The suicide prevention continuum illustrates a practical approach to the complex issue of suicide prevention. The continuum evolved from discussions with two Aboriginal communities in Atlantic Canada about suicide and the different types of interventions available. The continuum offers a framework and reference tool to differentiate between the different stages of suicide risk. It illustrates where the Aboriginal Community Youth Resilience Network (ACYRN) fits into suicide prevention and how it contributes to prevention knowledge, capacity building, and policy development.
Gladue R, Lund C. An Elder's View of Community ResiliencePimatisiwin. 2008 Summer; 6(2): 181–186.This paper is an interview between Carrielynn Lund and Cree Elder Ruth Gladue on research and community resilience in her semi-remote, northern Alberta community. Ruth is a Cree Elder born "during the war years." She is married and has two girls, one boy, and "a few grandchildren." Ruth has worked as a Community Health Representative (CHR) and Licensed Practical Nurse (LPN) for over forty years. She lives in a semi-remote First Nations community in northern Alberta.
Andersson N. Directions in Indigenous Resilience ResearchPimatisiwin. 2008 Summer; 6(2): 201–208.The last decade or so of research in Canada, reflected in this special issue, has increased our understanding of the distinction between Indigenous resilience and the research into Indigenous resilience. Measurement offers glimpses of resilience, mostly from the potentially distorted view of how resilient youth face specific adversity - adversity that is set by the funding opportunity: tobacco, substance abuse, suicide, or HIV infection. The driving role of funding has obvious problems; the priorities of funders may not be the priorities of communities and results can tell more about the funding opportunity than about resilience itself. Even so, this problem-focussed research has the very practical advantage of producing results geared to solutions. A major lesson of this body of work is that we should allow ourselves the space (and the modesty) to recognize that Aboriginal resilience is greater than we have been able to measure under specific funding opportunities. Even with this limitation, our results shows a large degree of specificity - what strengthens youth resilience to one type of adversity in one setting might well not work in another. Five proposals emerge from the findings.
Caldwell D, Maloney A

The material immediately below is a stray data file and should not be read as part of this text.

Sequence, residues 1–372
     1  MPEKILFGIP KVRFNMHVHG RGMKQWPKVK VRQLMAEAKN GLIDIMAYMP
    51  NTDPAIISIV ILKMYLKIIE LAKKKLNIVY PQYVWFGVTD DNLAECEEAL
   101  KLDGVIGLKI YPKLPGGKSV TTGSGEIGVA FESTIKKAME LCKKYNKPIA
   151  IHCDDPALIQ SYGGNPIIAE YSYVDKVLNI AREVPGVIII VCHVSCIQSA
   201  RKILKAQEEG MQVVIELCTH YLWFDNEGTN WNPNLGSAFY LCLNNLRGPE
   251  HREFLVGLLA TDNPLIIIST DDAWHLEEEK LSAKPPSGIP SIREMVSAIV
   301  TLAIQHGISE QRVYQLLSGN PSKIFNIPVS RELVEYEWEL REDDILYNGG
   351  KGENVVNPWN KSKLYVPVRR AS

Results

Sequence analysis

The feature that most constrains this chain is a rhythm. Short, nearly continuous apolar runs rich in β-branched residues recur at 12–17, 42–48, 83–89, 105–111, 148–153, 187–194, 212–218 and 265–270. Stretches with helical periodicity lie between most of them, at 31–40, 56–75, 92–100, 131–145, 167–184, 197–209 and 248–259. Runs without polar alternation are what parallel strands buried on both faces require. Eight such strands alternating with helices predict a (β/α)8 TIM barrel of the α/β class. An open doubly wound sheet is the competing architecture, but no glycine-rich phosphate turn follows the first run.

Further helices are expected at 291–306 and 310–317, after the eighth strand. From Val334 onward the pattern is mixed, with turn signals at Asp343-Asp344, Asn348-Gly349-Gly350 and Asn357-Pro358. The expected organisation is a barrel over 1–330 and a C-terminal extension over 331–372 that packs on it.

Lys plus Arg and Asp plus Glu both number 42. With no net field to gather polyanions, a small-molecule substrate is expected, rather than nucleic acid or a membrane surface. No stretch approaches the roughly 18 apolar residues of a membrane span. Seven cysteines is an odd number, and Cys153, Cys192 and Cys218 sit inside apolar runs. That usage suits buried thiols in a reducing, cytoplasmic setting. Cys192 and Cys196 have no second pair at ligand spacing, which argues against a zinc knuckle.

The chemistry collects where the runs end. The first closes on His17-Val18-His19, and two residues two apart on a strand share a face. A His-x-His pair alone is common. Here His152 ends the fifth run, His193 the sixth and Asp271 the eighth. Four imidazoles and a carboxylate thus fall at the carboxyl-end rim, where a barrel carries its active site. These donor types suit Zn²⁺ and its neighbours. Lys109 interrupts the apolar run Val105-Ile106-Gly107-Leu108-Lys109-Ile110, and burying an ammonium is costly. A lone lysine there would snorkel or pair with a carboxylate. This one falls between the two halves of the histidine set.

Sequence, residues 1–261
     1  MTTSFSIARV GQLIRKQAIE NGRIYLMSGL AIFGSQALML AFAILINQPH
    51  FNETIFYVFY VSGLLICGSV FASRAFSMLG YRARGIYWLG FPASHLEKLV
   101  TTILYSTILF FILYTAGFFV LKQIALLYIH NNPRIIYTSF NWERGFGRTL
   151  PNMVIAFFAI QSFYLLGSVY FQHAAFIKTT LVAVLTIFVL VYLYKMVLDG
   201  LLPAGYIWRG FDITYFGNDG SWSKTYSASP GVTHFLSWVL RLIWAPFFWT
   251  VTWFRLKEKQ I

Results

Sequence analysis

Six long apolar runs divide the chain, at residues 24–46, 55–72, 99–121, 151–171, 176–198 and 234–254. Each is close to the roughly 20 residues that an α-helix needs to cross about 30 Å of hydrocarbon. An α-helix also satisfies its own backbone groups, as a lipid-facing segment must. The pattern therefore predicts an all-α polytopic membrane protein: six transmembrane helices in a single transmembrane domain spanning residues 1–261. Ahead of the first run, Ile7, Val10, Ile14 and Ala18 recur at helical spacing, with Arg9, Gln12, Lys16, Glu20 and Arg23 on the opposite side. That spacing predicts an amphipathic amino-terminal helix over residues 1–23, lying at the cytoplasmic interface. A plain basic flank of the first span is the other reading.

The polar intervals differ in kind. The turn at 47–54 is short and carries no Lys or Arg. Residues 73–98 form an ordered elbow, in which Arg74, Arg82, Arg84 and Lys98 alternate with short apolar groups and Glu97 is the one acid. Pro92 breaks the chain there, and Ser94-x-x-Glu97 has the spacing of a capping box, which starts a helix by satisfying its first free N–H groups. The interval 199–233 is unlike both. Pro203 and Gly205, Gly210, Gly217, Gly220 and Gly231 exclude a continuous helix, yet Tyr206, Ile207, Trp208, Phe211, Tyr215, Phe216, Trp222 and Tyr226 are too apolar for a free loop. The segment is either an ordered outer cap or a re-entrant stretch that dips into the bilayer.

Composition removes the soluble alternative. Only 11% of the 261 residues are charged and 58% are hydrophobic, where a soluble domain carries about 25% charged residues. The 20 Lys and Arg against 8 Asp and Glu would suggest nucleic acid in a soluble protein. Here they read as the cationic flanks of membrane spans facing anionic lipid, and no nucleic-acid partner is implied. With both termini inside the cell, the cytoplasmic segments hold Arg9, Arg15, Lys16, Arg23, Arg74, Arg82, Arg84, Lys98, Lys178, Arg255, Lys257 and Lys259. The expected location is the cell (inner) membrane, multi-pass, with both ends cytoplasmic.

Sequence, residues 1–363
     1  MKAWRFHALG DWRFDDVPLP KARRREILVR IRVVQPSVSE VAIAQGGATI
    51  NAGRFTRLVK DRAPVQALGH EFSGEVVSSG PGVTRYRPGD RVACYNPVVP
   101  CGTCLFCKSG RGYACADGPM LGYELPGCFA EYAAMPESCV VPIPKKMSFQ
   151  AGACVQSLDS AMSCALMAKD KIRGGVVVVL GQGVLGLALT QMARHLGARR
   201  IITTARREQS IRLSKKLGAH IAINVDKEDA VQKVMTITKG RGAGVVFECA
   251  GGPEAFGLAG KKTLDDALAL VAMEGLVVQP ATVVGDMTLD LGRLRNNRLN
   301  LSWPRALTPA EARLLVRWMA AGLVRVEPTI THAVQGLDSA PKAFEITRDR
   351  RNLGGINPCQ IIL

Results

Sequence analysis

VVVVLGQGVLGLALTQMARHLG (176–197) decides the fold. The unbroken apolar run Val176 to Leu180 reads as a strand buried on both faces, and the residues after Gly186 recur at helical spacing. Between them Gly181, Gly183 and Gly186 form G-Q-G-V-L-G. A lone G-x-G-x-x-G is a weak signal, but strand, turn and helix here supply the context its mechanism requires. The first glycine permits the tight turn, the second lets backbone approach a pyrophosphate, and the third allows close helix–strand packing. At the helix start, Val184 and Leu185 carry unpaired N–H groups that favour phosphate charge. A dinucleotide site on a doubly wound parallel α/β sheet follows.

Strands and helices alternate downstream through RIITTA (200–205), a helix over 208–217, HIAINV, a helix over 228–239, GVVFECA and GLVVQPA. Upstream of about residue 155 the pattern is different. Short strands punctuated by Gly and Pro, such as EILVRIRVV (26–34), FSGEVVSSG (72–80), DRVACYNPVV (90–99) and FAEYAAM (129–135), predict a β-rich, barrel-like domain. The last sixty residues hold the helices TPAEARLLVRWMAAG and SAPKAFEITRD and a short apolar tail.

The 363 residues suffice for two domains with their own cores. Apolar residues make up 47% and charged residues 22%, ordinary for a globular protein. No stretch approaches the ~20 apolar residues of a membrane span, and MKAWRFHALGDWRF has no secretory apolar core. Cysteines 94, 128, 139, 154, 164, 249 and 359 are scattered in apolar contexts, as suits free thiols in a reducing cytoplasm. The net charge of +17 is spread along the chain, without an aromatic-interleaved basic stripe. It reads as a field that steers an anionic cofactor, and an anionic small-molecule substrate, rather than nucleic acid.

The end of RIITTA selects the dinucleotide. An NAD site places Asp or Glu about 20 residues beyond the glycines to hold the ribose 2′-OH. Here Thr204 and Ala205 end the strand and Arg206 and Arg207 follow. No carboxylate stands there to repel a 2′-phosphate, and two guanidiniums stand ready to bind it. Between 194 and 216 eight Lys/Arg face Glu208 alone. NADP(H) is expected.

It Started Over Coffee: The Aboriginal Community Youth
Resilience Network (ACYRN) in Mi'kmaq And Maliseet Communities of Atlantic
Summer; 6(2): 129–143.
April Maloney and Dawn Caldwell both live in Halifax, Nova Scotia. Since 2003, they have worked together to develop a project that would examine resilience to suicide among Aboriginal youth. First, with funding from AK-NEAHR (), they worked with two communities to develop a culturally appropriate research questionnaire for youth. Once the questionnaire was finalized, Dawn and April met with other communities in Atlantic Canada, to discuss youth resilience using the questionnaire they had completed and inviting communities to join them in a community based research project. In 2005, the Aboriginal Community Youth Resilience Network (ACYRN) was funded, allowing 10 communities in Atlantic Canada and 8 communities in Alberta to research youth wellness using the questionnaire first developed by Dawn and April. This article covers some of the issues that Dawn and April faced in growing their research idea into a research network.
McGuire P. Exploring Resilience and
Indigenous Ways of Knowing. Pimatisiwin. 2008 Summer. 8(2): 117-131.
This paper introduces aspects of indigenous-based resilience as well as a nuanced understanding(s) of knowledge and healing. It is exploratory as it investigates these areas of inquiry. Focus is on the experience and ways of knowing of Aboriginal peoples in Canada, specifically, the Anishinaabe of Lake Nipigon in northern Ontario. This exploration will assist research in Aboriginal communities by offering a vantage point of health that is less examined. The relationships between indigenous identity, land, and resili- ence underpin this beginning dialogue. Indigenous knowledge is part of a broader discourse that challenges mainstream knowledge and how it is generated, presented and maintained.
Goudreau, G. Exploring the connection between Aboriginal Women’s Hand Drumming and Health Promotion (Mino-Bimaadziwin). Centre for Health Promotion Studies, School of Public Health, University of Alberta. Unpublished master's thesis. Journal de la santé autochtone, janvier 2008; pp 72-83.
Over the past 10 years, Aboriginal women from a northern Ontario urban community have been gathering to hand drum as a way to revive their culture and support one another. As a member of an Aboriginal women’s hand-drumming circle called the Waabishki Mkwaa (White Bear) Singers, I had a vision of exploring the connection between hand-drumming practices and health promotion, and was the primary researcher for the study described in this article. Adhering to Aboriginal protocols as part of an Indigenous research methodology, I offered traditional tobacco to members of the Waabishki Mkwaa Singers, as an invitation for them to be both co-researchers and participants in the study. In accepting the tobacco, the members agreed to help facilitate the research process, as well as to journal their experiences of the process and of their own hand-drumming practices. Using an Aboriginal Women’s Hand Drumming (AWHD) Circle of Life framework—a framework developed by the co-researchers of the study—we explored the physical, mental, spiritual, and emotional benefits of Aboriginal women’s hand-drumming practices, and examined how culture and social support networks are key determinants of Aboriginal women’s health. Results of the qualitative analysis show that the Aboriginal women’s involvement in hand-drumming circles has many health promot- ing benefits and builds on strengths already existent within their community. Through their experi- ences with hand drumming, the women reported gaining a voice and a sense of holistic healing, empowerment, renewal, strength and Mino-Bimaadiziwin (“good life”). These findings are consistent with evolving Aboriginal perspectives on health promotion.